John Moorlach was officially sworn in Sunday as state senator for the 37th District after receiving more than 50% of the vote in last week’s special election and thereby avoiding a run-off in May.
The ceremony for Moorlach, a Costa Mesa Republican and former county supervisor, was held at the Orange County Rescue Mission in Tustin.
Sen. Bob Huff (R-Diamond Bar) officiated.
The March 17 election results were certified Friday. Moorlach received 38,125 votes, or 50.3%.
“I really want to thank the voters for giving me enough votes to finish in the first round,” Moorlach said in an interview Monday. “I’m looking forward to trying to make this state a better place.”
Assemblyman Don Wagner (R-Irvine) received 33,411 votes, or 44%. Behind the two men, both Republicans, were congressional aide Naz Namazi, a Republican Irvine resident, who got 2,621 votes, or 3.5%, and Louise Stewardson, a Democratic write-in candidate and nurse from Huntington Beach, who received 1,696, or 2.2%.
Voter turnout was 15.7%, or 77,147 ballots, of which about 66,000 were vote-by-mail.
Moorlach’s term lasts through December 2016. He replaces Mimi Walters, who was elected to the U.S. House of Representatives last year.
The 37th state Senate district includes Costa Mesa, Newport Beach, Irvine, Laguna Beach and portions of Huntington Beach.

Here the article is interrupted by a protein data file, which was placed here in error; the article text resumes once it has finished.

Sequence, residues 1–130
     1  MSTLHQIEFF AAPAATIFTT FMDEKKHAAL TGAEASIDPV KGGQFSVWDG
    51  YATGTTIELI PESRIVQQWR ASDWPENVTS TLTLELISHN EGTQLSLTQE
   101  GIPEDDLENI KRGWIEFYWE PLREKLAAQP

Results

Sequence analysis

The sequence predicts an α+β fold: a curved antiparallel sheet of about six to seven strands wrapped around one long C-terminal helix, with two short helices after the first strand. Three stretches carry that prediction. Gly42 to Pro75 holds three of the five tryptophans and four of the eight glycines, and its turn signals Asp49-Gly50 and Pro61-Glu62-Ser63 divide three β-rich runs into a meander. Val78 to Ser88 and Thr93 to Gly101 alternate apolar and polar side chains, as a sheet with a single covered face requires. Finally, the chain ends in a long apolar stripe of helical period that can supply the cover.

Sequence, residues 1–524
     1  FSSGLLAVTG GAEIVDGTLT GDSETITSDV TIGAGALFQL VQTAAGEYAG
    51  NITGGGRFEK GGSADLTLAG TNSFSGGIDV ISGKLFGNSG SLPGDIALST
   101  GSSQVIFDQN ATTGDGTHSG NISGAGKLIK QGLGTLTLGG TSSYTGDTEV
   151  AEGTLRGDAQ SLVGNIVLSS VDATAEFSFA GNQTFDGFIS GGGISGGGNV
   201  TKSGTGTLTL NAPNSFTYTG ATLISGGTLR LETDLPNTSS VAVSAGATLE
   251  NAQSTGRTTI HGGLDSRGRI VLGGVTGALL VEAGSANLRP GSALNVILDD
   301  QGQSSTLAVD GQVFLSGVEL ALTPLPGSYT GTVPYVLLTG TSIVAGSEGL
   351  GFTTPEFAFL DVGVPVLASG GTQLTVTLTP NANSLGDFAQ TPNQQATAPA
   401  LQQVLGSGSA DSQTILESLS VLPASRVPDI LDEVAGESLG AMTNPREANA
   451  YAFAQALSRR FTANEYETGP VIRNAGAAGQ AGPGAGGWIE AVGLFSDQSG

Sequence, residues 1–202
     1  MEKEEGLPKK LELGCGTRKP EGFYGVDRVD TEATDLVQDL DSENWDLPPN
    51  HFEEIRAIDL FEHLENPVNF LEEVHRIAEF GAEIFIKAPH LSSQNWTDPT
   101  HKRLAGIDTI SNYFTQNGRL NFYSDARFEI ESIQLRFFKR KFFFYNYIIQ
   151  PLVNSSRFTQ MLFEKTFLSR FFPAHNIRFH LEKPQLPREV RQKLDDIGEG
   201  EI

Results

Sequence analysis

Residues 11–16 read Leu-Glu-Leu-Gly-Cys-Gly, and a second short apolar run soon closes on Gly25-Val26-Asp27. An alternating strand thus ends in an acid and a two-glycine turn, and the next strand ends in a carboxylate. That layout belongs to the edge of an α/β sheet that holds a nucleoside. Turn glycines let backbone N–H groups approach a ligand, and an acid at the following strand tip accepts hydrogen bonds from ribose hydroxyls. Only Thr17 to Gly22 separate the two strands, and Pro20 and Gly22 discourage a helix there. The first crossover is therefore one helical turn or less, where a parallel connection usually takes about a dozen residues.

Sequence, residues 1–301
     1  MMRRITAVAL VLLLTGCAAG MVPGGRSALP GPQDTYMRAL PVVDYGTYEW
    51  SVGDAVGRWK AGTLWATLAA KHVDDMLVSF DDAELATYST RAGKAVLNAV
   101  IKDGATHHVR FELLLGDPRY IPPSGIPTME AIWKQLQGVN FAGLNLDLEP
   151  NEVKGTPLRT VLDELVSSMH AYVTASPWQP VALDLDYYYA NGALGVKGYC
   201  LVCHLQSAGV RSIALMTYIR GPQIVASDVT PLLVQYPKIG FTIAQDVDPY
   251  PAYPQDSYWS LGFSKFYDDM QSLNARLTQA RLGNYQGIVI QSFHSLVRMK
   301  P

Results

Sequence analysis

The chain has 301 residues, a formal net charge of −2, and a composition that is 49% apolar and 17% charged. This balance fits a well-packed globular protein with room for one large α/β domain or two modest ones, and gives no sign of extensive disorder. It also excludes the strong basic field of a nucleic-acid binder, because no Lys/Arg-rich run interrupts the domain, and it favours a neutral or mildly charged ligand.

Moorlach said he plans to travel to Sacramento this week to get acclimated. He said he is working on hiring his staff and finding a location for his 37th District office. He said he would like it to be in Costa Mesa.
Because his start date is just before the spring legislative recess, Moorlach said he will not be able to submit any legislation but will still have plenty to do.
“I see myself dealing with what’s already there and doing a lot of research on issues that I find to be hot-button topics,” he said.
Those include controlling the costs of medical benefits for retired state employees and putting an end to the so-called underground economy — in which businesses do not report payroll information or follow workers’ compensation law — a topic recently explored by the Little Hoover Commission, an independent state oversight agency.
“I certainly have constituents here in my district that are concerned about that,” Moorlach said. “We’re gonna try to level the playing field and make sure those who aren’t playing fairly are routed out and honest businesses aren’t going broke because of it.”
Moorlach also plans to fight plans for a toll lane for portions of the 405 Freeway in Orange County and examine the complex issues surrounding sober-living homes — a particular source of frustration in Costa Mesa neighborhoods.
“I’ll be keeping my staff busy,” Moorlach said.